Trafficker of unapproved chemo drugs get prison sentence

Altuzan

The kingpin behind a scheme that sold $17 million worth of foreign-made cancer meds and other drugs--claiming that they were FDA approved--in the U.S. is going to prison.

According to the FDA, 47-year-old William Scully, one of the owners of Medical Device King and other companies, has been sentenced to 60 months in prison and ordered to forfeit nearly $900,000. The Commack, NY man was convicted last fall of 64 felonies for violations of the the Food, Drug & Cosmetic Act and mail and wire fraud.  

A 6-week trial disclosed that Scully bought foreign-made chemo and other drugs from middlemen in Turkey and other places, and deceived doctors into believing they were the same FDA-approved drugs they had bought from other suppliers. The doctors administered them to patients, some of them suffering from stage 4 cancer.

Whitepaper

Simplify and Accelerate Drug R&D With the MarkLogic Data Hub Service for Pharma R&D

Researchers are often unable to access the information they need. And, even when data does get consolidated, researchers find it difficult to sift through it all and make sense of it in order to confidently draw the right conclusions and share the right results. Discover how to quickly and easily find, synthesize, and share information—accelerating and improving R&D.

“Our office will aggressively pursue those who place patients at risk and who seek to profit from the importation and distribution of potentially dangerous foreign unapproved drugs,” George M. Karavetsos, director of the FDA Office of Criminal Investigations, said in a statement.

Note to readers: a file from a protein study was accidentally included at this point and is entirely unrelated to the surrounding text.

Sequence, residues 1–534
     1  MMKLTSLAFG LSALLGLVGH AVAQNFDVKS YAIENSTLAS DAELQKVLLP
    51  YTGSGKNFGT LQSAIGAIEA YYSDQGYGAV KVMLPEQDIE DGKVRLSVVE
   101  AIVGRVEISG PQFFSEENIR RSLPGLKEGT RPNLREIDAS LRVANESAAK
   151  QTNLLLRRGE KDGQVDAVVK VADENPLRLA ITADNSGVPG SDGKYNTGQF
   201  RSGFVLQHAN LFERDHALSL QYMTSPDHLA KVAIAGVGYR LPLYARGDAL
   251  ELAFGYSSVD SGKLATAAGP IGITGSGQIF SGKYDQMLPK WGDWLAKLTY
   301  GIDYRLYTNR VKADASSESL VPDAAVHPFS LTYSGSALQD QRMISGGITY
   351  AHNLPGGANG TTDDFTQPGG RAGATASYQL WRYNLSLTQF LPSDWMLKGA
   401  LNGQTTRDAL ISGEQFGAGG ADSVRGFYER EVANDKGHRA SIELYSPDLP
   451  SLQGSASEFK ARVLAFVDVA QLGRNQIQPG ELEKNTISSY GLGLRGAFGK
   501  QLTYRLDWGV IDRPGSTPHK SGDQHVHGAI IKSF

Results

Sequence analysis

The FDA and DOJ began investigating Scully after reports that foreign-made cancer meds had been found in the U.S. supply chain, including Altuzan, the trade name used in Turkey for Roche's Avastin.

The feds said Scully was so bold that he kept up his illegal operation even after his office has been searched by FDA agents and all of his existing products were seized. He established a new entity, Taranis, which he operated out of a storage space where he kept his drugs.  And even after that storage space was searched and additional products were seized, Scully continued selling products to unsuspecting doctors, authorities said.

- read the announcement

Related Articles:
New York man convicted of selling counterfeit and illegal drugs in U.S.
Feds nail supplier of unapproved cancer drugs
Pakistani man charged with bringing counterfeit drugs into U.S.

Suggested Articles

Higher operating costs were behind a 17% slide in pretax profits last year at Allergan’s Mayo, Ireland, facility that produces Botox.

After a global scare over Zantac contamination, generic metformin could be next in line as regulators test for possible carcinogen contamination.

PCI Pharma Services debuts expansion of its plant in Rockford, Illinois.